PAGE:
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Once the history and art lessons were past, the museum took a decidedly sensory turn. Instructions on the wall as well as in the audio file told me to enter one of the small experience rooms and to keep my flask at hand. It was time to use the little bottle of liquid I’d received at the beginning of the tour. I couldn’t help but feeling a bit like Alice holding a “drink me” bottle, but I figured if it wasn’t safe, then it wouldn’t be legal either. Once in the room I was given a countdown and told to consume the whole bottle’s contents (it was a large swallow, nothing crazy) when the counter reached zero. With trepidation and a leap of faith, I did as instructed and was rocked to my core with a whole body multi-sensory experience. 

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As soon as the timer hit zero, the experience began. I slugged my liquid and the whole room erupted in sound, light and vibration. The vial was not alcohol, but pure flavor. It started berry fruity, went on a trip through spicy, and finished with citrus and mint. As I was tasting these intense flavors, my eyes were treated to a series of colors, my ears were regaled with changing sounds, and my body tingled from the vibrations of the floor coming up through the soles of my feet. It was like someone just flipped the ON switch for all my senses at once.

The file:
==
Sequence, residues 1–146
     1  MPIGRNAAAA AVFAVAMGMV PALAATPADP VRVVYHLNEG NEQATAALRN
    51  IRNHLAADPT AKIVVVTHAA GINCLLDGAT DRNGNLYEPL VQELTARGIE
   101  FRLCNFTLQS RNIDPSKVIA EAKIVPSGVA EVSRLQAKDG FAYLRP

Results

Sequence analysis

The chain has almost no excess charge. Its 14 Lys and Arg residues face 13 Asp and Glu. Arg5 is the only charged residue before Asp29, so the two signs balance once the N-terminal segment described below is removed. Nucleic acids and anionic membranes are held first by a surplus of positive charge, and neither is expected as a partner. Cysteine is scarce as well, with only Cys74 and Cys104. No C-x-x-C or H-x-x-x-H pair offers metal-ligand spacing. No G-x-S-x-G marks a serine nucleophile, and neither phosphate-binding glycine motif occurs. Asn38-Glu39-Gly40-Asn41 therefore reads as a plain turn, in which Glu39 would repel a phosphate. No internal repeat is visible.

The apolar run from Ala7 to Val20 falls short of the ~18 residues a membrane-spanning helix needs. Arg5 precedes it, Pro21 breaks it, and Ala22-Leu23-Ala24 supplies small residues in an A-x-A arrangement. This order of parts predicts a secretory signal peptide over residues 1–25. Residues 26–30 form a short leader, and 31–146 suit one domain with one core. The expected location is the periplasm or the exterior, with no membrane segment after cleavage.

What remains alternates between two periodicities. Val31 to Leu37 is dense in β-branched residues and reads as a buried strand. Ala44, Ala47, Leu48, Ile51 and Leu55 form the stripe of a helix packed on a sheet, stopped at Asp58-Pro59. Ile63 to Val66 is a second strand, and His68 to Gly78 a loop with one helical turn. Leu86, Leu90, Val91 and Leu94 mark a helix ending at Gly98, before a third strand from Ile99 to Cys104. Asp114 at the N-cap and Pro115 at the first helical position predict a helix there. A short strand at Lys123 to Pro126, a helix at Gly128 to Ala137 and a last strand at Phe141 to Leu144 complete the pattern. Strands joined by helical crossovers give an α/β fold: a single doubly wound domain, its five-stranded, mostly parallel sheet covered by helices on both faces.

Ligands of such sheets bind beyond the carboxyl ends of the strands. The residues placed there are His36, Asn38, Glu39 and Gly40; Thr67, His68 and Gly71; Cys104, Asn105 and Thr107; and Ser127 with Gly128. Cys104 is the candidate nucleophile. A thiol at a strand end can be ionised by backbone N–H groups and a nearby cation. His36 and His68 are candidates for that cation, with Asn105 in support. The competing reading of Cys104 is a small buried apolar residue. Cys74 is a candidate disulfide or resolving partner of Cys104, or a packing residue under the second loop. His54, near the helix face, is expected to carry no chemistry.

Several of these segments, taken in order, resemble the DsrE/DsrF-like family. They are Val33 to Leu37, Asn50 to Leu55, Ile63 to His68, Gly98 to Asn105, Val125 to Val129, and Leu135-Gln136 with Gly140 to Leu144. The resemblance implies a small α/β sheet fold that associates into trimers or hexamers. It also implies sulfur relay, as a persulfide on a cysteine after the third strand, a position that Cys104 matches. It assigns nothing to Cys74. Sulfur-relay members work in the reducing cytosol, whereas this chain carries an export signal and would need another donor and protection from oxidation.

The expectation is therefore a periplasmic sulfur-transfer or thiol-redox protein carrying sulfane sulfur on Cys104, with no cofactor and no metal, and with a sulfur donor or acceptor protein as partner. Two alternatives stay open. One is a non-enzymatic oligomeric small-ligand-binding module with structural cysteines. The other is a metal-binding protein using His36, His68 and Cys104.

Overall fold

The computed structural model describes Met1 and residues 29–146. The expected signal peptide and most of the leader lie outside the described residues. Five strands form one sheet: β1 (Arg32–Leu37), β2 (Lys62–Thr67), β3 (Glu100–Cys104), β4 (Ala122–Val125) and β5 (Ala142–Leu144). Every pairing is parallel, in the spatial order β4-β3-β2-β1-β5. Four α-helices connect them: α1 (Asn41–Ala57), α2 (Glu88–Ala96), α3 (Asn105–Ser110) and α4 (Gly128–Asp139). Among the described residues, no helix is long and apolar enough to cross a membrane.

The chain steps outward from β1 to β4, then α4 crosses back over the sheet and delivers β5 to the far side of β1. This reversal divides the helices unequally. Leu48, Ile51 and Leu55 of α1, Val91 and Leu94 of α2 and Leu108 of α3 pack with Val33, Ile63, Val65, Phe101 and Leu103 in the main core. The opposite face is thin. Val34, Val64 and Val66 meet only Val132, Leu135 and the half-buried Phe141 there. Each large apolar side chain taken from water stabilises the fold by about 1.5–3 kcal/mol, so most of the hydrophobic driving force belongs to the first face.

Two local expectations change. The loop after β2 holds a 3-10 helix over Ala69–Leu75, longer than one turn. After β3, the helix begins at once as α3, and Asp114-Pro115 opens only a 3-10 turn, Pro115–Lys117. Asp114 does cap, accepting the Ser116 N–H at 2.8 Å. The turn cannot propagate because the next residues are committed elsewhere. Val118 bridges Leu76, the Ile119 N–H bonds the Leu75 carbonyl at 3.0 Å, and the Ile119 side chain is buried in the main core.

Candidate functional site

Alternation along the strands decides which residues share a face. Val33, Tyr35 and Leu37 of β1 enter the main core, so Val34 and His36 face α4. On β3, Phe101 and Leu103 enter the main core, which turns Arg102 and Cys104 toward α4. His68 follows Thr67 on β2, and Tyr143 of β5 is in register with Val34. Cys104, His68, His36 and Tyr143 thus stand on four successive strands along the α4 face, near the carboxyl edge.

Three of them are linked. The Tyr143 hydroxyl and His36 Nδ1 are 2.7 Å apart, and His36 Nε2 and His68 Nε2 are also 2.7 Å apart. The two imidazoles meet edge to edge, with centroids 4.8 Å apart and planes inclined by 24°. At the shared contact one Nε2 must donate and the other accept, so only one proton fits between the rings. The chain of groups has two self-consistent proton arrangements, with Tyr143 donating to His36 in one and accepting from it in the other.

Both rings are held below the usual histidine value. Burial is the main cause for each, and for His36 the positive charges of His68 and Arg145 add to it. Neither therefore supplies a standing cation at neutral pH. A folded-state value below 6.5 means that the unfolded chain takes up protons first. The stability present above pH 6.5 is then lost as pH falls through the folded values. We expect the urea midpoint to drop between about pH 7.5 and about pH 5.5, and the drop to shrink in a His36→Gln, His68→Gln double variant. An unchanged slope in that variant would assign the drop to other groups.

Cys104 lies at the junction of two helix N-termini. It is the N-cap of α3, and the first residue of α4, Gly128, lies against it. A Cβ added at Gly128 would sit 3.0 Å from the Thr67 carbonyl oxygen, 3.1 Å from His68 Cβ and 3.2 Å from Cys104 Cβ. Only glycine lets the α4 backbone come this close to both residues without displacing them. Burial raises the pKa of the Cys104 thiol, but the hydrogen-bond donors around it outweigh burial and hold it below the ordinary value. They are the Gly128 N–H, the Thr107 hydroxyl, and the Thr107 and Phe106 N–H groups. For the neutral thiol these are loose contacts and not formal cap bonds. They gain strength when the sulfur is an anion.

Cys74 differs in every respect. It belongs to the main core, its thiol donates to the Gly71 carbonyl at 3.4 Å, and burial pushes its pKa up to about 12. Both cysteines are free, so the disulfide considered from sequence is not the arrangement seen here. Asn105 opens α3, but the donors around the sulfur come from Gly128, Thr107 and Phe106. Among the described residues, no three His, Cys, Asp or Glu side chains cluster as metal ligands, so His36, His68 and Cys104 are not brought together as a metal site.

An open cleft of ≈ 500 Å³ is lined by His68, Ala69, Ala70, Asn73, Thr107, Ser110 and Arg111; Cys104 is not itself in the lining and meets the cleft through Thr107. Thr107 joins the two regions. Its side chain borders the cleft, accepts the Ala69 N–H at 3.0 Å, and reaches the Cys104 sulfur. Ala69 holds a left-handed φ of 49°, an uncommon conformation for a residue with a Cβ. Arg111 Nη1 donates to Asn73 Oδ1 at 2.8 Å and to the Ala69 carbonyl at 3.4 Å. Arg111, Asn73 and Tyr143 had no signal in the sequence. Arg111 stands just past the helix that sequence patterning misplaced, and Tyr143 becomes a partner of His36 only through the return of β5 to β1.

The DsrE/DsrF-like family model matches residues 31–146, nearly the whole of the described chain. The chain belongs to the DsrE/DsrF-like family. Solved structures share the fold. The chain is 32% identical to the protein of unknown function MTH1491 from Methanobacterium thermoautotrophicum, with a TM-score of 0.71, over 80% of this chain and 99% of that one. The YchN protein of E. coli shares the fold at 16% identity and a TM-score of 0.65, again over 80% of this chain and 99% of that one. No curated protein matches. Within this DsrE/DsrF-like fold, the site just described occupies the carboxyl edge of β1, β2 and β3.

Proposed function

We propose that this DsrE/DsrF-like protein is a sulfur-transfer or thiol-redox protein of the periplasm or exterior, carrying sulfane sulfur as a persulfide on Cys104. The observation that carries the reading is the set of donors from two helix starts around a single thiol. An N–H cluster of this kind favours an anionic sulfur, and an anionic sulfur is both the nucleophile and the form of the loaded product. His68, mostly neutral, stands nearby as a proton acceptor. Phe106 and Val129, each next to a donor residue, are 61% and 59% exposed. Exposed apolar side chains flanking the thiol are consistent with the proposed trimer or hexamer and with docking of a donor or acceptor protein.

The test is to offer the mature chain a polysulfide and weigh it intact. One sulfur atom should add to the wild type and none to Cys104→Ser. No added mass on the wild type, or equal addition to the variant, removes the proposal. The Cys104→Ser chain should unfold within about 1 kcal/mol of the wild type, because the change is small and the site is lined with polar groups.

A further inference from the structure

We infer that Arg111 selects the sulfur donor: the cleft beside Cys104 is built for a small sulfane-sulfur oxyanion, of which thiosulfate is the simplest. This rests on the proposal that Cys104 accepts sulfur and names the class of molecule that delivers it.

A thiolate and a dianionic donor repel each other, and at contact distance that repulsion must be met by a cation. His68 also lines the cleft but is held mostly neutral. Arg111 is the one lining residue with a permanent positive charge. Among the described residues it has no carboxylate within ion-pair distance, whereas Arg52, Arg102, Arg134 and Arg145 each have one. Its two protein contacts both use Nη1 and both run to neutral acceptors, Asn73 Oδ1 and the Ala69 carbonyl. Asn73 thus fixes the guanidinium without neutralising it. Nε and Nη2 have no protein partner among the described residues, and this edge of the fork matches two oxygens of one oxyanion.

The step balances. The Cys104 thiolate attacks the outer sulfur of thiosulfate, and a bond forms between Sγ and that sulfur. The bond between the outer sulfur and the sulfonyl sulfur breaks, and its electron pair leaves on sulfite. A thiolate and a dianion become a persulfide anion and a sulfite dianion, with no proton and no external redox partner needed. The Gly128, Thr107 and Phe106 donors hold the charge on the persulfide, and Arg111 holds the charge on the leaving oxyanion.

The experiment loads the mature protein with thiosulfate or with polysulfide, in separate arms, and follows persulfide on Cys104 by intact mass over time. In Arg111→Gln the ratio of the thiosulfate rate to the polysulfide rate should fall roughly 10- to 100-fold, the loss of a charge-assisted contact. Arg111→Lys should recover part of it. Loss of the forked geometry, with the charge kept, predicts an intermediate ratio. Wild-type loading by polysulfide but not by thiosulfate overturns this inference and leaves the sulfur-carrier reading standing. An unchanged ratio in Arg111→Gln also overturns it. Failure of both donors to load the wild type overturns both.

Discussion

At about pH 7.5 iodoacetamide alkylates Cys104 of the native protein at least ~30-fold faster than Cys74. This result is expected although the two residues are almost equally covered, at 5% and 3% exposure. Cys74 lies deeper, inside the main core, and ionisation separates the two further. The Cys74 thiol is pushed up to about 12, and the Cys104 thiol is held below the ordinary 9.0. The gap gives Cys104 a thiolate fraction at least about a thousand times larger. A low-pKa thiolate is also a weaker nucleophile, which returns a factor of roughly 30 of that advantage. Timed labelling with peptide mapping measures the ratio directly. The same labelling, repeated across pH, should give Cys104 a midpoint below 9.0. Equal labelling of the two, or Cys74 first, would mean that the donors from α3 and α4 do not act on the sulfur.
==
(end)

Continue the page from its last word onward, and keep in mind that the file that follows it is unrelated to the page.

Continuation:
And lest the sense of smell feel neglected (though that liquid was so strong, I’m pretty sure it came up my sinuses anyway), the next room on the tour was a rainbow smelling room. The Bols Distillery was starting to seem less like a museum and more like an alcoholic version of the Wonka factory! More than 30 smells were ranged on the wall, and by squeezing the bulb, a puff of scented air would come forth. The bottles were labeled by number, and the name of each flavor was revealed if you lifted the number. It was fun to play sniff and seek, trying to guess each one of the Bols flavors as I went, and it also gave me a good idea of which ones I liked the best, so I could choose my cocktail later on.

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The final display room got into more details about the ways in which infused liquor is made. I’ve actually had the chance to play with making my own infusions with fruit, spices, and vodka, so I knew a little, but it was a very thorough display. There were jars of spices and fruit peels on display, as well as a mad scientists laboratory worth of glass jars, copper pipes, and mysterious floating things.